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Last night Keith Olbermann railed Mitch McConnell, naming him ‘Worst Person in the World’  for suggesting that

“When our good friends on the other side of the aisle say raising taxes on the wealthy, they really mean small businesses,” in an interview on CNN’s Late Edition.

Here is what Olbermann ranted on about:

“…more importantly, if you own a small business and it pushes your own income over 250-grand and you haven’t incorporated and you haven’t been able to enjoy lower taxes that result and you’re still treating it as your personal income, you better ask to see your accountants diploma because in the vast majority of cases either you or he is crazy.”

Olbermann simply failed to do his homework, and instead relied upon supposed fact checking that wasn’t complete.  Instead, he referred to the statement as “Joe the Plumber crap” and said that checking the facts revealed only 2% of small businesses would be affected. 

If we poke around on the net, we find an article where “facts” were presented to support Olbermann’s opinion, in the CNN article Fact Check: Plumber Joe’s Taxes.  The CNN article isn’t factually incorrect, but it suffers the sin of omission, which is why Olbermann’s rant last night irked me as a small business owner!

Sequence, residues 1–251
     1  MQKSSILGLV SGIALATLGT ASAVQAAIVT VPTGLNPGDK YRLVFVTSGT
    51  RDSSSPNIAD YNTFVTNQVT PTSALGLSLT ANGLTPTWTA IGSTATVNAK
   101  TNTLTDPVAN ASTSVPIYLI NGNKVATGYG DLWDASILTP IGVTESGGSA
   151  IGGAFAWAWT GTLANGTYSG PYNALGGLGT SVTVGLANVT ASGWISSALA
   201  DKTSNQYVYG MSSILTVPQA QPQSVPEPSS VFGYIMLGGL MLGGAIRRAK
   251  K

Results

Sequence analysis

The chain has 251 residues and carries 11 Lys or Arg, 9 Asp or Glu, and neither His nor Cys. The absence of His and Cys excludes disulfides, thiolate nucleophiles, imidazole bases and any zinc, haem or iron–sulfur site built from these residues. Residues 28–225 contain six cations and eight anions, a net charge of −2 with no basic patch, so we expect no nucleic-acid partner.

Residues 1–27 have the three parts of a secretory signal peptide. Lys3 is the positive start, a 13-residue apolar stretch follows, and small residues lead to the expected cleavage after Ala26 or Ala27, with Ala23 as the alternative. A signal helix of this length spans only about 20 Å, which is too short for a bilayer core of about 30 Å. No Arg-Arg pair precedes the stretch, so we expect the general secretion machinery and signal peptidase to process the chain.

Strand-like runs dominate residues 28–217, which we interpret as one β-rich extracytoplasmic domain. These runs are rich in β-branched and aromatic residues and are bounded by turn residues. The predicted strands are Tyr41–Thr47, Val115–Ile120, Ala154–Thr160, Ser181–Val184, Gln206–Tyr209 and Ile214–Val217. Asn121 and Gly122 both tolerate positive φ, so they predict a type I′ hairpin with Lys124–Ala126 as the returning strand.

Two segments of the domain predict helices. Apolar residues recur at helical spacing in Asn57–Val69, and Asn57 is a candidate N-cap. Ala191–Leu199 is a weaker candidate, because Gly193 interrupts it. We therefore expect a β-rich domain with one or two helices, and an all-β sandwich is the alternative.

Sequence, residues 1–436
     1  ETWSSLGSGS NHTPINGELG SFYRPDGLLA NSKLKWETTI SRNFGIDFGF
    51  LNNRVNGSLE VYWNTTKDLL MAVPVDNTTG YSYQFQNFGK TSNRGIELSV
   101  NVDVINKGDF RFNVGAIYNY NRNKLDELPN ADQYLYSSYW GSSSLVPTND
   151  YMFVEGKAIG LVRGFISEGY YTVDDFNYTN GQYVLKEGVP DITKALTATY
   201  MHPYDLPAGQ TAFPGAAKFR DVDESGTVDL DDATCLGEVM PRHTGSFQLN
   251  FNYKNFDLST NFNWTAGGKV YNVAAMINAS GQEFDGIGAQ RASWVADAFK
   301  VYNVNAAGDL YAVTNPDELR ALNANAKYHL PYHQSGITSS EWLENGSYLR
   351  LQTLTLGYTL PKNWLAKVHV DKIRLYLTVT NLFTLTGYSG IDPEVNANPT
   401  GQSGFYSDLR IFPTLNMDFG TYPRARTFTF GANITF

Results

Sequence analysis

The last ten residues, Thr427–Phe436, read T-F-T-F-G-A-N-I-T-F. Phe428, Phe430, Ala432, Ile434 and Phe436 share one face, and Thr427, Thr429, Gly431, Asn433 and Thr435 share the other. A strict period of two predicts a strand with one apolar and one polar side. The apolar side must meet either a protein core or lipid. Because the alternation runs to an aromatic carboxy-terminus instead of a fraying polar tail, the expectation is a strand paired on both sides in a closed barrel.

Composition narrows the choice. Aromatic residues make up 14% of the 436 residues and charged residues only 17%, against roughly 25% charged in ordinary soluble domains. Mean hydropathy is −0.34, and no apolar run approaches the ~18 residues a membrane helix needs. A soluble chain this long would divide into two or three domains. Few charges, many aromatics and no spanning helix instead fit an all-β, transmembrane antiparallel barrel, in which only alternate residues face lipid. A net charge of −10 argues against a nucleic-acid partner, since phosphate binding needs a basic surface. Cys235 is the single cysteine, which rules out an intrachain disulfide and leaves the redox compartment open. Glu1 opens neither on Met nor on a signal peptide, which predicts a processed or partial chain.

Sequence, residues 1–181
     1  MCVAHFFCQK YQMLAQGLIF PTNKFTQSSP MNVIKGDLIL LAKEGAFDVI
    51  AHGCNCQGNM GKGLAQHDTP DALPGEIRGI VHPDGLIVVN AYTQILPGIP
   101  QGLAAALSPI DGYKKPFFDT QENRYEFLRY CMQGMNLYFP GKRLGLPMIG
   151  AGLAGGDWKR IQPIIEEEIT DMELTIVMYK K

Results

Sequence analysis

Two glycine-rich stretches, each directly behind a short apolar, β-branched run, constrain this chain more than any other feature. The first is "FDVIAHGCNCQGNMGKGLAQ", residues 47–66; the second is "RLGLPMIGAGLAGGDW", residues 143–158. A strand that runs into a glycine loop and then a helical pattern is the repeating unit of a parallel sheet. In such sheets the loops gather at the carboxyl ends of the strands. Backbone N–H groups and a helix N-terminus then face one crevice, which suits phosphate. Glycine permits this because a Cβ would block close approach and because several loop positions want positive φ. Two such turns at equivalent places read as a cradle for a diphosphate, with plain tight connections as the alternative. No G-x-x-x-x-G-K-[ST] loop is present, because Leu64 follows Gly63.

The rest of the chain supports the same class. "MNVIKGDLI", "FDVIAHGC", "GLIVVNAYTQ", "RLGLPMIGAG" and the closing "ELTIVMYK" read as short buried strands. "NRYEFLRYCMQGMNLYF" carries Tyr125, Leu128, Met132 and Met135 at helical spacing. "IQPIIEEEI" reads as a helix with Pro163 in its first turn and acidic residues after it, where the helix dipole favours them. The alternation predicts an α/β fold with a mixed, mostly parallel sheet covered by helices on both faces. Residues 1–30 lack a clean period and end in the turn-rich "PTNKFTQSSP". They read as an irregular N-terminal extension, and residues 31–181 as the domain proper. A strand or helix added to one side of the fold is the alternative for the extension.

In the CNN article, it says that “…[the] broad definition of what counts as a small business, including everyone who files a Schedule C, E and F. ”

“In 2005, there were 21.5 million Schedule C returns filed, according to the IRS.”

Since most Americans have no idea what a Schedule C is, they wouldn’t know that the CNN article fails to include Schedule K filings.  A Schedule C is for Sole Proprietors ONLY, that is, a business owned legally by one and only one person that remains unincorporated.  If you ask me, 21.5-million folks filing a Schedule C is a lot of sole proprietors out there.

But what about Schedule K? 

Schedule K is used to file Partners share of income, deductions, credits, etc. in partnerships, joint ventures, LLC’s and S Corporations – basically anyone doing business not as a full c-Corporation. 

In 2001 there were 23-million Schedule K filed with the IRS.  Taken together with those filing Schedule C, this is now no less than 44.5-million small business owners – a far cry from the CNN articles use of SBA data suggesting that based on the Census there were “6 million small businesses in 2005.” 

The IRS is a far more accurate agency for small business data than the Census Bureau; and the Census data also says that  “a firm is defined as the aggregation of all establishments owned by a parent company” – meaning if a person has a parent company and one or more subsidiary companies at the same time, they’re included as only one company in the data.

So was McConnell making a boldly wild statement when he suggested that “[w]hen our good friends on the other side of the aisle say raising taxes on the wealthy, they really mean small businesses”?